Titanium on the periodic table, a strong and versatile metal used to make metal components.

Strength & Versatility Drive Demand for Titanium Components

From the vehicles that keep us moving to the essential products we count on, titanium enhances our lives every day.

Stronger than aluminum and lighter than steel, this unique metal has a high melting point and natural corrosion resistance. These advantages have bolstered demand for titanium components in aerospace, automotive, medical and other industries. The global market for titanium was estimated at $24.6 billion in 2022 and was expected to reach $26.07 billion in 2023. 

At Metaltech, our metal fabrication experts produce titanium components for a wide range of products. Our comprehensive services run the gamut from custom design to fabrication and assembly for both large and small production runs.

Here’s an overview of what makes titanium one of the most popular materials among manufacturers today.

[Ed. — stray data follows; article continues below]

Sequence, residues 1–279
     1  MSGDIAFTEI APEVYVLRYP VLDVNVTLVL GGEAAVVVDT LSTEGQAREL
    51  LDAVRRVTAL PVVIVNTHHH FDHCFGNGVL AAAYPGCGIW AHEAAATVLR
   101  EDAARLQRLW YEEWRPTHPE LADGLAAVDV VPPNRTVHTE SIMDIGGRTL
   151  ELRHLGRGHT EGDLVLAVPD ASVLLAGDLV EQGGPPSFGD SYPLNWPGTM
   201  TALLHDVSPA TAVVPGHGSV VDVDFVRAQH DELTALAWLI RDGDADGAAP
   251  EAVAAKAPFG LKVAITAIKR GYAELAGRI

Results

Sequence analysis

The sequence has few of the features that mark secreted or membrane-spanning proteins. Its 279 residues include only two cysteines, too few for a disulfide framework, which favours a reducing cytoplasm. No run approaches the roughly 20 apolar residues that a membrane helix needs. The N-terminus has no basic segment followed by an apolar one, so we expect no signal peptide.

Jump to: 

  • Titanium Basics
  • Benefits of Titanium
  • Titanium Production Process
  • Industries Driving Titanium Demand
  • Request a Quote

Titanium Basics

Named after the legendary Titans of Greek mythology, titanium is element 22 on the periodic table. It is is the ninth most abundant element in the Earth’s crust. 

Strong as steel but 45% lighter, this durable, silver-colored metal boasts a melting point of 3,034°F. Its corrosion resistance makes it well-suited for wet or humid environments. Other useful properties include inertness, ductility and low density. 

Sources of Titanium

About 90% of the Earth’s titanium occurs in the mineral ilmenite in the form of titanium oxide. The other 10% is found embedded in the following minerals: 

  • Anatase
  • Brookite
  • Leucoxene
  • Perovskite
  • Rutile
  • Sphene

Titanium Oxide

Titanium oxide is a bright, white, opaque material produced when ilmenite is oxidized at high temperatures. It can be ground into a fine powder for a wide variety of uses. In fact, titanium oxide is used 10 times more than titanium metal. Common applications for titanium oxide include: 

  • Artists’ paint
  • House paint
  • Enamels
  • Paper
  • Plastics
  • Solar observatories
  • Sunscreens

What is Titanium Dioxide?